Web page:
Richard Buxton: Pogba's injury gives Jose an excuse to play his way
Record signing's absence gives Mourinho greater excuse to play his way
For once, Jose Mourinho might win the battle of wills.
Manchester United purists may not agree with their manager's time-honoured philosophy but there can be no denying that it pays dividends when, and against whom, it matters most.
Saturday's 2-1 win over Liverpool was a classic Mourinho performance, derived from a ruthless approach which comfortably exploited the Reds' weaknesses.
It is what he has done so successfully at the highest level for well over 15 years and yet had been conspicuous by its absence during his two years at the Old Trafford helm.
Without Paul Pogba, however, Mourinho could finally execute his master plan.
The France international was ruled out for the blockbuster clash due to a gashed shin, but he might not have justified being selected against Liverpool, given his lacklustre performance during last Monday's late win over Crystal Palace.
He had been poor in the weeks leading up to that smash-and-grab victory, but that nadir allowed United to operate far more diligently against Liverpool in the absence of Pogba, bypassing a creative midfield outlet effectively to see off their long-standing rivals.
Statistics still bear out Pogba's importance to the Red Devils in the grander scheme; Since last season, they have won 47.6 per cent, or 10 of their 21 games in the English Premier League, without him in their starting line-up, compared to 59.5 per cent (28 wins out of a potential 47) when he starts.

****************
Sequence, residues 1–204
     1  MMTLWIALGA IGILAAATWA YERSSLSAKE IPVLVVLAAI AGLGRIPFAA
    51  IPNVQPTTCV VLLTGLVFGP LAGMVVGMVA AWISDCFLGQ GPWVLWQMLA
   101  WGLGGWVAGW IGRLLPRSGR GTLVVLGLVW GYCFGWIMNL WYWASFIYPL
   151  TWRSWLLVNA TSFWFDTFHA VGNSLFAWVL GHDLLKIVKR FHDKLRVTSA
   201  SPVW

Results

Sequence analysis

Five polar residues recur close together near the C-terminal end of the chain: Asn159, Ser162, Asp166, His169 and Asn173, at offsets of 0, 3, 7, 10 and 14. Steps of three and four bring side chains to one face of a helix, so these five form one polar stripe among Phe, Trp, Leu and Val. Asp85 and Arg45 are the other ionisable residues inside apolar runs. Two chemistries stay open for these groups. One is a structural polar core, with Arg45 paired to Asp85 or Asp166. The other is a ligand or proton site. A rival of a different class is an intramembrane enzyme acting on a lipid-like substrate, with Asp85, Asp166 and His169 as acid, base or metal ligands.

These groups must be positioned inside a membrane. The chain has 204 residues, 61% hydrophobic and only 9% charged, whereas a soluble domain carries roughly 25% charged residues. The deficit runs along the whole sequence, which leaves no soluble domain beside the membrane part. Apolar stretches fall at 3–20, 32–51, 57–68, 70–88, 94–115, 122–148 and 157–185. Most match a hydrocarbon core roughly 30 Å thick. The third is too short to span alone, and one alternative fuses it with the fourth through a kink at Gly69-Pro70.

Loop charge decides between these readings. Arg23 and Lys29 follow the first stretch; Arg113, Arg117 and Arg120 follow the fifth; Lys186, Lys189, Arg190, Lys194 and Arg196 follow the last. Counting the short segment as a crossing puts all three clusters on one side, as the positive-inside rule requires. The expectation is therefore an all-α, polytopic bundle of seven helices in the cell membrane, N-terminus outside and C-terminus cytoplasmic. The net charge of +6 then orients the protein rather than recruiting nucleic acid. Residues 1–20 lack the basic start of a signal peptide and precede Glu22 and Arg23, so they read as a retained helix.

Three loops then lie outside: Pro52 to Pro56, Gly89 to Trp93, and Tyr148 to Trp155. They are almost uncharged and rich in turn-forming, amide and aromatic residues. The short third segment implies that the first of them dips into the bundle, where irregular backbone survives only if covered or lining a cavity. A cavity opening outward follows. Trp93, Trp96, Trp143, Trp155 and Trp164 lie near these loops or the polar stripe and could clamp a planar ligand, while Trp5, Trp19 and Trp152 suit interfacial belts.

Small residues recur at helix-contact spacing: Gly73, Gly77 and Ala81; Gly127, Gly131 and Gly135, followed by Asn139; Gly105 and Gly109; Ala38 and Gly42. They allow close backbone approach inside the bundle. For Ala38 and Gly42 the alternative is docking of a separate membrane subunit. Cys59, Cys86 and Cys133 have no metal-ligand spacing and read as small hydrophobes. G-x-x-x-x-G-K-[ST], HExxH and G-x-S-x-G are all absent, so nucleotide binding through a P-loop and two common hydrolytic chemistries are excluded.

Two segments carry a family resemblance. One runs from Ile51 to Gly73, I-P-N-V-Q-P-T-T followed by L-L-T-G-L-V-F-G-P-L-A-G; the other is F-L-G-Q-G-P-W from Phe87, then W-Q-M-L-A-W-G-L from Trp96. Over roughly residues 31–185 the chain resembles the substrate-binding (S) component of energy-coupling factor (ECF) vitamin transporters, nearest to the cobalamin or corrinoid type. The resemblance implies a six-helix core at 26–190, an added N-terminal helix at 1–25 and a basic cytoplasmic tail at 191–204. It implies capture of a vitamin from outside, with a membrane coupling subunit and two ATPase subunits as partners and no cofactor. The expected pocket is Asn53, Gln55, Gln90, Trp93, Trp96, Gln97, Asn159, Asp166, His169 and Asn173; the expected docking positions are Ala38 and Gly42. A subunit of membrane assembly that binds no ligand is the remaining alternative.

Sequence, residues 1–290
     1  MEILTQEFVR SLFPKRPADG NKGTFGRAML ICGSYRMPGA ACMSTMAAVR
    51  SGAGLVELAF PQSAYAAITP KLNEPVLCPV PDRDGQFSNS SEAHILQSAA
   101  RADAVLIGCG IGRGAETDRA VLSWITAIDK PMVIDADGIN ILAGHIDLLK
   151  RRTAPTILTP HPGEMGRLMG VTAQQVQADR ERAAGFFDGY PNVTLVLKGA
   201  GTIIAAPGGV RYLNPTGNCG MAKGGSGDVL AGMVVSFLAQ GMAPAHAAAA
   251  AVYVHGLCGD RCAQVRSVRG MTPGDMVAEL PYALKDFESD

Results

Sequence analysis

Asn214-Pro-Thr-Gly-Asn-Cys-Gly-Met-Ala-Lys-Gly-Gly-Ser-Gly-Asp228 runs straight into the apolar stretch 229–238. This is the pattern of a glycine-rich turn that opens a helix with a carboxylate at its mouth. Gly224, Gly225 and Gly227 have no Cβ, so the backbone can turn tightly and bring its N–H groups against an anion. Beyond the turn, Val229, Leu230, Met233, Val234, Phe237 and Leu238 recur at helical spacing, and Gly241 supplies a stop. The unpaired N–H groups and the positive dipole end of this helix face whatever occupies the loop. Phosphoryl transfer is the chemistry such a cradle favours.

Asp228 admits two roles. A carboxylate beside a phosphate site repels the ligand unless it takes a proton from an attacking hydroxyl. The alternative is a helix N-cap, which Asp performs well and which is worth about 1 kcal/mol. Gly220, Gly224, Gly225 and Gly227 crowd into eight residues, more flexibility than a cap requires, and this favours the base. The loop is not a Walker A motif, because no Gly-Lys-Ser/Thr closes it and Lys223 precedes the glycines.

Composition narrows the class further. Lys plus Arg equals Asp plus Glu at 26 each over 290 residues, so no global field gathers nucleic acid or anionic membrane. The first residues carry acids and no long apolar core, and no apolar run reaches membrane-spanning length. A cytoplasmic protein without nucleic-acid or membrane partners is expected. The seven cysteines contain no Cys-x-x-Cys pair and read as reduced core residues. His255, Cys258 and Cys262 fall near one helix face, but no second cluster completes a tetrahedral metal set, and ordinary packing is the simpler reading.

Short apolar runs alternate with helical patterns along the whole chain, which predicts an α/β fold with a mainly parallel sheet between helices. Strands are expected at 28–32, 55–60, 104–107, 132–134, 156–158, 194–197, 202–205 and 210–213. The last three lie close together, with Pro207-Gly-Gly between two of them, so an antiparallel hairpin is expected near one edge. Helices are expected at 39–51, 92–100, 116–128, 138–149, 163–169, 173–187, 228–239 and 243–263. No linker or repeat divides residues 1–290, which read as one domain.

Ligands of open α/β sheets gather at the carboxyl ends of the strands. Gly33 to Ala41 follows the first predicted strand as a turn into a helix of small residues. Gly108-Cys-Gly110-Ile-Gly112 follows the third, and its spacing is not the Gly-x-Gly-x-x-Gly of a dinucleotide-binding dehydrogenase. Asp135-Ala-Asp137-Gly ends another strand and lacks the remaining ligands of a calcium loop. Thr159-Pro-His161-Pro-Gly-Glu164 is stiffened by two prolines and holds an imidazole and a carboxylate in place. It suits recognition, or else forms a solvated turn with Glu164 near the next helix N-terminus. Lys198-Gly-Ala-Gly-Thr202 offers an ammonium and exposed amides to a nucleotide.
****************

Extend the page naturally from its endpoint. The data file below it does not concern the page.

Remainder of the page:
But the gaps which often appear whenever the £89 million (S$162.1 million) midfielder partners Nemanja Matic were replaced by a watertight barrier as Scott McTominay managed to nullify a Liverpool attack which had previously overpowered most sides they have faced.
Percentage football has never been Mourinho's forte and Pogba could not resist making his presence felt by gatecrashing his manager's post-match TV interviews.
In good and bad, United's record signing manages to manoeuvre himself to be the centre of attention.
He knows that he represents an inconvenience to the Portuguese coach because it forces him into at least trying to play expansive football rather than reverting to type and committing what devotees of the fabled "United way" perceive as an act of tactical sacrilege.
Yet it remains what Mourinho continually does best and a foundation which they may have to reluctantly embrace if they are to take the fight to runaway leaders Manchester City in the battle for the EPL title from next season.
Far too often, the onus has been on the Special One to accommodate Pogba rather than the playmaker falling into line for United's greater good.
That time for role reversal may have finally arrived on the strength of the showing against Juergen Klopp's side.
Admittedly, they were helped by an abject Liverpool defence led once again in their ignominy by Dejan Lovren and the inexperience of Trent Alexander-Arnold.
Both of Marcus Rashford's goals came from an inability by the visitors to handle long balls and an attacking burst.
Lovren, in particular, will face greater questions than the teenager with less than 40 appearances for his boyhood club.
Throughout this season, the Croat has been culpable for the Reds' regular backline capitulations and appears incapable of learning from his mistakes.
More than just Alexander-Arnold appeared unsettled by Lovren's presence alongside them in defence, Virgil van Dijk's noticeable dip in form will have left Klopp wondering whether Liverpool's ongoing defensive stigma will cost more than a mere world-record fee to shift.